Anthony Cirelli (No. 71)
The Lightning have drafted pretty well in recent years, but honing that talent into NHL assets has really been a strength that is apparent in the post-season
While the Tampa Bay Lightning got a big jump on rebuilding years ago with blue-chip draft picks Steven Stamkos and Victor Hedman, it’s worth noting that under GM Steve Yzerman, the organization has done an incredible job of identifying and developing talent. From hidden gems Tyler Johnson, Ondrej Palat and Yanni Gourde to Russian imports Nikita Kucherov and Andrei Vasilevskiy, a boatload of talent has been produced in-house.
And as the Bolts battle Washington in the Eastern Conference final, it’s worth looking into how the organization develops its players.
Tampa Bay’s AHL affiliate, the Syracuse Crunch, got steamrolled in the second round of the playoffs by the Toronto Marlies, but the Marlies were also the best team in the league this season. What Syracuse did accomplish this year was getting great experience and minutes for players such as Mitchell Stephens, a first-year pro with solid NHL upside.
“With the amount of rookies we had in the lineup, there were a lot of guys put into situations early in their career that benefitted them,” Stephens said. “For me, it’s a matter of doing the little things every day and trying to get better. You have to be on your toes every shift, every practice. There are no easy days, no days off here. You have to work or you’re not going to play.”
For Syracuse coach Benoit Groulx, communication with the parent club is key and his game plan involves producing fast, responsible players who will do more than just chip and chase.
“We have a lot of freedom, but we also share information,” Groulx said. “It’s a very open relationship. The guys on our team are here to play in the NHL at some point. Our goal is to develop them and get them ready if the big club needs them. We try to get our players to be good in all three zones.”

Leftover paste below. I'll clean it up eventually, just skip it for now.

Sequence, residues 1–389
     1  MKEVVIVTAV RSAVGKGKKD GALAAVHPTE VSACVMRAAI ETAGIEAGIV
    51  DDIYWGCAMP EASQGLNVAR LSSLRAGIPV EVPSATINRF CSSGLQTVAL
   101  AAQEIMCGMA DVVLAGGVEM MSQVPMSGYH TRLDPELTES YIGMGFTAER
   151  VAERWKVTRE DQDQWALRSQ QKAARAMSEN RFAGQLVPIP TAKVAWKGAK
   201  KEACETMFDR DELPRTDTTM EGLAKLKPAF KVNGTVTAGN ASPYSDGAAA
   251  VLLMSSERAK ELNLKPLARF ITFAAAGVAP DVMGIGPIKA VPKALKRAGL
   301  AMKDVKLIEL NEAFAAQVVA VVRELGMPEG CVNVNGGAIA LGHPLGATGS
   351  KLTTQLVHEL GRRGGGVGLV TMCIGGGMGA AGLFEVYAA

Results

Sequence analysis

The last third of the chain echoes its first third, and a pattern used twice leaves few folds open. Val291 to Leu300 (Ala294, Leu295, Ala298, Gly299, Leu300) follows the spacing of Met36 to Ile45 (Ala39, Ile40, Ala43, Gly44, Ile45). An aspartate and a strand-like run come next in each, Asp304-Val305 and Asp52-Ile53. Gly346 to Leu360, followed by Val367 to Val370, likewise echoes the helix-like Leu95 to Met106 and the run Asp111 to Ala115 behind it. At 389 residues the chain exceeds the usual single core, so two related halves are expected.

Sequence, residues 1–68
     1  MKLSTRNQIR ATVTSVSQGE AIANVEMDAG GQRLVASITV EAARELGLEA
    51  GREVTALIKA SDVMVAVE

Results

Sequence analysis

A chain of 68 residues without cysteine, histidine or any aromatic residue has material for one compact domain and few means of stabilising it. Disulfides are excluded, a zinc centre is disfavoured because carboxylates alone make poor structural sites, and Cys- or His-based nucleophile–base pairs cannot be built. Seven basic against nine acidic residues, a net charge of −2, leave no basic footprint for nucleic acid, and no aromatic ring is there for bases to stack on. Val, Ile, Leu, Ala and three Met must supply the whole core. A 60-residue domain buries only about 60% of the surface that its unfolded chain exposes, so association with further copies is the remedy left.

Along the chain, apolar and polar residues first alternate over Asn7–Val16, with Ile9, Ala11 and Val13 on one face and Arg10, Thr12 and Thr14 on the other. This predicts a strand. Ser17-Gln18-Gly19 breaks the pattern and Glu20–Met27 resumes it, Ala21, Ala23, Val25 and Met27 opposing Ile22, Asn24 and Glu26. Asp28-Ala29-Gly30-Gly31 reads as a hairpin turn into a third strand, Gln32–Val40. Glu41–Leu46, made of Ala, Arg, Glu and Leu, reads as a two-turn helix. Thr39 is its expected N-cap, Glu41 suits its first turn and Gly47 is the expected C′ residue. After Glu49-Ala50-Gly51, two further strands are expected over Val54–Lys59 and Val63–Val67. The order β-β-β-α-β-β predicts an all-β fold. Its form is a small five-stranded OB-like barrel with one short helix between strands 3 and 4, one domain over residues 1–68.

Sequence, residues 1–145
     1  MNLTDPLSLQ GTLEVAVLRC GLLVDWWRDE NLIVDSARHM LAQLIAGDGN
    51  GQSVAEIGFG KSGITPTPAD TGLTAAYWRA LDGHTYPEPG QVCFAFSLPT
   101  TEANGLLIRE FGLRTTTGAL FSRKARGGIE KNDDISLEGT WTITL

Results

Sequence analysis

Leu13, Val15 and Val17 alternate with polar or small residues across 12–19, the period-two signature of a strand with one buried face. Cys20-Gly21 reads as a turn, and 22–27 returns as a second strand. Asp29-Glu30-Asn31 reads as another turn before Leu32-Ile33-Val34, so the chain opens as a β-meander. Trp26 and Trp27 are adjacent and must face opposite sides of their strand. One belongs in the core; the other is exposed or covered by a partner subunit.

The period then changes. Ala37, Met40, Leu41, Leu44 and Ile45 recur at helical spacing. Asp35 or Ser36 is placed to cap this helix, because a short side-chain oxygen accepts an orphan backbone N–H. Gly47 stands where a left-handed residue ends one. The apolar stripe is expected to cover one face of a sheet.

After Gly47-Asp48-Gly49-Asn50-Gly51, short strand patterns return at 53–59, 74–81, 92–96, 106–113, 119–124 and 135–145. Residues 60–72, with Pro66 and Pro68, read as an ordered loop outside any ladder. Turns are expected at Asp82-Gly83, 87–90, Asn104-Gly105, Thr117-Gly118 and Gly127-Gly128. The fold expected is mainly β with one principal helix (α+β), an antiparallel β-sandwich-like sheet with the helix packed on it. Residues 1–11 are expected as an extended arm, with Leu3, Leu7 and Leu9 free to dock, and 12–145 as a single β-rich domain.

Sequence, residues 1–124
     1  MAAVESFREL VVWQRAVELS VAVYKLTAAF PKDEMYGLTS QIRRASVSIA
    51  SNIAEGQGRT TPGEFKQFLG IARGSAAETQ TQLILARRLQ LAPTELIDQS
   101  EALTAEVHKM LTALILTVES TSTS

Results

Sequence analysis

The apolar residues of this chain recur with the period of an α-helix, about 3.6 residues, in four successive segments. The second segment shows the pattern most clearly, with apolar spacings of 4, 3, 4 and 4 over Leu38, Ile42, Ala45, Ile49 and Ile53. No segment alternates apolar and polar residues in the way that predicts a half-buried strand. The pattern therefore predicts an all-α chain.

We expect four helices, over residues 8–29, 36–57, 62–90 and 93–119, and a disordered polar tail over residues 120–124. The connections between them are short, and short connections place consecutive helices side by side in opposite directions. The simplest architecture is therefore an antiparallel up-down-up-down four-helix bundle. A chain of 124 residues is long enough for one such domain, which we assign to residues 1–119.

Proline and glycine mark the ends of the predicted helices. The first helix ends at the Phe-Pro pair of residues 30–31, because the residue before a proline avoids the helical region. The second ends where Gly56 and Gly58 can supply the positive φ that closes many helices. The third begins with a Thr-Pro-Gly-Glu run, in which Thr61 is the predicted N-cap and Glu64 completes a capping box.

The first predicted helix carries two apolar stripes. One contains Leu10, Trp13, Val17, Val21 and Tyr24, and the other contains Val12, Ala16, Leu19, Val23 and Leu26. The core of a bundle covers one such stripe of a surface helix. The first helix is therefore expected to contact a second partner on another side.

While it’s not easy to crack an NHL lineup that boasts the talent of Tampa Bay, it’s worth noting that the salary cap has forced the Bolts to balance their stars with younger, cheaper talent - but the onus is on those youngsters to take what they learned in the AHL and apply it to the big league. And they are paying attention.
“Yanni Gourde is doing what he did here last year: he’s going to the net, he’s scoring 20-plus goals,” Stephens said. “Anthony Cirelli was down here a bit and he works hard every day. He’s at the rink trying to get better and that’s why he’s in the NHL doing very well. He’s the type of player that’s going to have a long career.”
A key element of Tampa Bay’s player development goes even further back. When draft picks are still in junior, they know they can rely on director of player development Stacy Roest for help. Roest will actually get out on the ice with kids, which is not something every NHL franchise does. Out there, he can get into detail on skills, like helping Stephens learn how to spin off an opponent in the corner more effectively, for example.
“Stacy came to (OHL) Saginaw when I was there and worked on a few things with me after practice,” Stephens said. “Stacy’s a really good player development guy. He’s always there if you need to talk to him and he’ll come to wherever you’re playing to help out. The management and player development in this organization is second to none.”
The proof is in the results. Tampa’s top six scorers in the post-season are home-grown (Kucherov, Stamkos, Brayden Point, Hedman, Palat and Johnson), as is the starting netminder in Vasilevskiy. Stamkos and Hedman are the only two who never played in the AHL. With players like Stephens and Cirelli in the AHL and Boris Katchouk and Taylor Raddysh in junior (to name two of many), the spigot for talent is still running.
Creating a winning franchise isn’t easy, but the Lightning are putting in the work and once again, they’re getting closer to glory because of those efforts.